night tor tbe- championship of America, between
MciJevitt and Dion, was won by the former by
twt lve points in fifteen hundred.
The Great Pedestrian Feat. Weston, the pe
destrian, reached Chicago at ten o'clock yesterday,
and so won his wager often thousand dollars, minus
six-tenths of that sum forfeiu-.l tor not walking one
hundred miles iu twenty-four hours. He is now the
lion of Chicago. The road for miles out of the city
was crowded with people to see him, and the streets
through which he pased io reach lhe Sherman
House, where he now U. were packed with people.
The police had some difficulty in making a way for
him. the crowd were so impatient to give him a
welcome ; but he was finally escrtd to his room at
the Sherman House in afety. He says that the at
tempt to walk loo miles, starting from Silver Creek,
failed because nis feet were badly swollen. He
reached Couneaut, ninety-one miles, in good condi
tion otherwise, and assorts positively that he could
have made the remaining nine miles Iu tlie two
hours aud thirty-seven minutes left, but that his
ittu-ndanta would not allow him to start.'
Along the roadi. be says, the people from tbe
firms aud villages had collected to see him. and
nearly every wayside church and school was occu
pied by men and women driven from the roads by
the storm. These buildings were all lighted and
hva!ed. and until he became acustomed to the novel
sight h thought the pious residents of the country
were holding religious meetings, and thelrchildrvn
atteuding night school. He made Ligonier in nine
hours. .Vt Goshen they sent out a brass band to
play for him along the road to Elkhart, twelve miles.
At Goshen the wagon horses, tired out the taird
time since the start from Utica, were shipped by
rail to Laporte. At South Bend he was received
with the greaUst enthusiasm.
Outside of the town he wrvs met by a squad of
policemen, who had been detailed to protect him
and lead him in safety to the town. Here lie felt
great fatigue, and flatly refused to move an inch
further, although he had three hours and. seven
minutes in whicb to make but fourteen miles.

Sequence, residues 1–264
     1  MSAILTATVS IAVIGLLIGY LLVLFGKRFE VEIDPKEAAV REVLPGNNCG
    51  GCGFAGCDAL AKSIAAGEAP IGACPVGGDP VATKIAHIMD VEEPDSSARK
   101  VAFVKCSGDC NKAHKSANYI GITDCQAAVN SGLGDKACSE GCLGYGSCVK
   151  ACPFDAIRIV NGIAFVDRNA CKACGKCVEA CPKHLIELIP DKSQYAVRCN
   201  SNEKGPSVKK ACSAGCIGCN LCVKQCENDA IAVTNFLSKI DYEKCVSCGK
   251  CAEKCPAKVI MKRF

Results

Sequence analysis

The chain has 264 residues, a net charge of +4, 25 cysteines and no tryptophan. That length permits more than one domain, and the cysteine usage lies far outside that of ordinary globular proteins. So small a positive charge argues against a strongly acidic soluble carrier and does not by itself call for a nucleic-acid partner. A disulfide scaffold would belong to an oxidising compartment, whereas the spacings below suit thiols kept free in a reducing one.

"After the terrible journey I had made, said he," I
felt that tbe remaining fourteen miles would be
the longest walk I had ever undertaken." This af
ternoon he will probably go to the Opera House
this evening certainly. The people are clamorous
to see him, and he will speak to them to-night from
the stage. He has been called upon by a large
number of citizens, but at this hour is taking a
Weston began his walk of 1.237J miles, from
Portland, Me., to Chicago, III., on the 23th of Oct.
at twelve o'clock, noon. The feat was 1 attempted
on a wager of $10,000 that he could not perform
the distance in thirty days, resting four Sundays on
CVriosities of Senatorial' Stationery. The
stationery bill of the United States Senate for
I860 foots up something over $30,01X3, as rendered
by Secretary Forney, and includes these among
other carious items r 504 pocket knives, 405 pen
knives, $2,22318 knives to each Senator what
fearful whittlers; 703 pairs of shears and 1,137
pairs ecisHors, $1,21337 pairs to each Senator,
which accounts for the senatorial cutting and
slashing, to say nothing of a lilcral supply for
editorial service, on my two pajiers, lioth daily;"
210 pairs of kid gloves, $52 4 pairs each,.- is
order to take off when the honorable Senators
want to handle each other " without gloves ;"446
pocket books, $1,019 8 to each Senator, wherein
to stow away mileage and other fat pickings ; 309
brushes, and 550 pincushions, $384 to enable
the Senators to brush up their ideas and to " stick
a pin there.' Lots of cork-screws, eyelet ma
chines, combs, cologne, soap, pomade, toilet pow
der, lemons, and other intellectual helps too
astonishing and numerous to mention, in addition
to tho articles usually included under tbe title of